Add in a healthy dollop of historical fiction that has no basis in sound sociology, and what you have constructed as "religion" is this sort of odd thing that begins with our least educated Christian brethren, then adds in supernatural stuff being controlled by chanting from God-given books under the direction of a nefarious set of elder magicians. It's very Hollywood. It makes me think you are watching too many movies.
Of course you should not believe in that! As far as I know no one believes in that, other than perhaps a few who enjoy it for entertainment value.
this sort of odd thing that begins with our least educated Christian brethren, then adds in supernatural stuff being controlled by chanting from God-given books under the direction of a nefarious set of elder magicians
So correct us. Instead of perpetually posting what Catholicism isn't, why don't you post what is is? Not all of it, but how about some of the more salient points? At present, and I'm sure it's not doing you justice, you are coming across as some kind of "New Age Catholic" with tenets that do not appear to coincide with those of the RCC or the Pope. You have an interested audience here, so how about correcting our evidently incorrect perspectives with some positive information, rather than this continuous set of denials?.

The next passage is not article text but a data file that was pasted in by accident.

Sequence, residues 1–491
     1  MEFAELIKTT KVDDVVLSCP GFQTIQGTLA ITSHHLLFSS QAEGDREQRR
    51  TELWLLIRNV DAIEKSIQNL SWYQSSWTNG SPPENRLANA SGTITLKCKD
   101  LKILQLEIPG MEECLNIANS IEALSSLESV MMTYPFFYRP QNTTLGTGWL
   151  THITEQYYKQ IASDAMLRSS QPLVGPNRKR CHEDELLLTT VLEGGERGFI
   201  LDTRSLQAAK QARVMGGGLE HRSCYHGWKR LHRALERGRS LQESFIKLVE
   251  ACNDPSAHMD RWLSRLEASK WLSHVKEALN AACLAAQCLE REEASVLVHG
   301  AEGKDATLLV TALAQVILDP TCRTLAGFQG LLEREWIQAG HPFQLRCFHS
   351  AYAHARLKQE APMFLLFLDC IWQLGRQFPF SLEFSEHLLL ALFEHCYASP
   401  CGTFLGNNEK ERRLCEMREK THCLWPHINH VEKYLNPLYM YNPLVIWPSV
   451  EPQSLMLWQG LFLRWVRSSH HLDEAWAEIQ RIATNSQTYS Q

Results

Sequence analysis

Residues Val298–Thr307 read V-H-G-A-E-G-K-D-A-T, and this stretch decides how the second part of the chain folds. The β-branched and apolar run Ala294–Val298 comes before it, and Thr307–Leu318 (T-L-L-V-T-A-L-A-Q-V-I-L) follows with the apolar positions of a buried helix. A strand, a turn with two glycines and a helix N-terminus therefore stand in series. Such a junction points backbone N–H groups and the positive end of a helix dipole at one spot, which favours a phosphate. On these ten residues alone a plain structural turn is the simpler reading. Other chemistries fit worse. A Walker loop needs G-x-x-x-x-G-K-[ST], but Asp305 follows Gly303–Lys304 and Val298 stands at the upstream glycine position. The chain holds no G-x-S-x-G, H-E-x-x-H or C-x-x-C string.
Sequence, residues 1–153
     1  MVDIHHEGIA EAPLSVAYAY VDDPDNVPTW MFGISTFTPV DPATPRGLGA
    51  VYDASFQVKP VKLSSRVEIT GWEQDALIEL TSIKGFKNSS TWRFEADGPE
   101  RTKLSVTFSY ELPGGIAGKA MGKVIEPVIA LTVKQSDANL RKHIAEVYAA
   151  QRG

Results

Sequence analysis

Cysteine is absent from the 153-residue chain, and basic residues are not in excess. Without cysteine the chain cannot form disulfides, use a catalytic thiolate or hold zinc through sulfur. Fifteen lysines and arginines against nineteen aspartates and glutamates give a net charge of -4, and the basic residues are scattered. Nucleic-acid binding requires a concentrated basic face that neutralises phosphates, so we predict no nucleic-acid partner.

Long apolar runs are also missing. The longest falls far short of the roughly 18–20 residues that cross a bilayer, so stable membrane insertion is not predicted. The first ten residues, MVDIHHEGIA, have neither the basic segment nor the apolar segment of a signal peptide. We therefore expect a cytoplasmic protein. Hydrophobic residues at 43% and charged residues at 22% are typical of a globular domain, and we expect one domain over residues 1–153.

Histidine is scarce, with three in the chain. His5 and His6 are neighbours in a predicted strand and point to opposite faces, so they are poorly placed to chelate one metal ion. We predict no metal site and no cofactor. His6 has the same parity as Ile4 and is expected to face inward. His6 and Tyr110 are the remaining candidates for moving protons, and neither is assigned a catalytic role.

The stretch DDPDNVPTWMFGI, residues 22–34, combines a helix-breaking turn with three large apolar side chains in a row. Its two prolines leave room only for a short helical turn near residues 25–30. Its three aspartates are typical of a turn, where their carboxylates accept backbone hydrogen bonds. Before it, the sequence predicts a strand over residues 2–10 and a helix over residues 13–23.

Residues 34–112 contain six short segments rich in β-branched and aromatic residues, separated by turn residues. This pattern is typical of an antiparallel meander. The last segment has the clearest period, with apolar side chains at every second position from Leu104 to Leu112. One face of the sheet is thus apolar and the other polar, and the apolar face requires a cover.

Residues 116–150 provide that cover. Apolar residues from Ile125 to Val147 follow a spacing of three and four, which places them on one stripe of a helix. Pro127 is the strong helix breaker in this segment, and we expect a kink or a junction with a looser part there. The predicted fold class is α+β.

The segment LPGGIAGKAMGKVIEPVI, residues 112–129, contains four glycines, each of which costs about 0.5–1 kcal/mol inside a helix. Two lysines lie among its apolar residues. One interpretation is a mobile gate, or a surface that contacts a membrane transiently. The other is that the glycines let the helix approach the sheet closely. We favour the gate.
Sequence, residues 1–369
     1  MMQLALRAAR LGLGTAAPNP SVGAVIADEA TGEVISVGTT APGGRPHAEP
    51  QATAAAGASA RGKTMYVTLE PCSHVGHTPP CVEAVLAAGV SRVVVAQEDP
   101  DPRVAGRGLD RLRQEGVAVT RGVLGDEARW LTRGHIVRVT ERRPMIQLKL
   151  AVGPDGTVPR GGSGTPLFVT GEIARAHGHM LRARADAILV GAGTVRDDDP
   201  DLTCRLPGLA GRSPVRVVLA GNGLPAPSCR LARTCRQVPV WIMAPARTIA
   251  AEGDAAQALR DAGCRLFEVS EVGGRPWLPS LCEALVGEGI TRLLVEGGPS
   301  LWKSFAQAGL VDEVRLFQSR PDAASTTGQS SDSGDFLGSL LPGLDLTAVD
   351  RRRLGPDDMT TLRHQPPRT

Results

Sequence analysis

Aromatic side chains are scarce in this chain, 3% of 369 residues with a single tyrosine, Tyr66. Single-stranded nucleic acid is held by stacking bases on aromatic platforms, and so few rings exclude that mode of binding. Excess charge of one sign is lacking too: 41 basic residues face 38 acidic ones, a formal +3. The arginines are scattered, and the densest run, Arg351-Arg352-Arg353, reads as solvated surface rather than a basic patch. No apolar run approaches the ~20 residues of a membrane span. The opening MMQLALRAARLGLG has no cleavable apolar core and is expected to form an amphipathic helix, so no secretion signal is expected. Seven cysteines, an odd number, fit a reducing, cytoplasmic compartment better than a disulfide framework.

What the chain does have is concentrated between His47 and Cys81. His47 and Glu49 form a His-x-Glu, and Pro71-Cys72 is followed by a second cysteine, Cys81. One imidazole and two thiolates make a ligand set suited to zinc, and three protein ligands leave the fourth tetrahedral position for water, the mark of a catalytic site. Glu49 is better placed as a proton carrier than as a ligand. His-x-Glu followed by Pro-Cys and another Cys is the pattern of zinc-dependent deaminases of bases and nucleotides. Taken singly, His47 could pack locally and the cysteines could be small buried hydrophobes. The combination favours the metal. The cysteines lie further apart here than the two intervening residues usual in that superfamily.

No, as things go I am a traditional Catholic, and I am doing my best to represent the actual beliefs of the Church. Pope Francis would consider me orthodox. Benedict would as well, though we would have had brotherly discussions over proper emphases. Now, I am at times translating and adjusting for modern American English and usage as it seems to be employed here. Catholic theology, like any discipline, has its own specialty language that expresses complex phenomena in shorthand to insiders, and is made worse by multiple translations.
It's probably impossible to "post what Catholicism is" when it's a topic that fills whole libraries; at very least it exceeds my limited skills, so instead I'm trying to explain individual topics as they arise.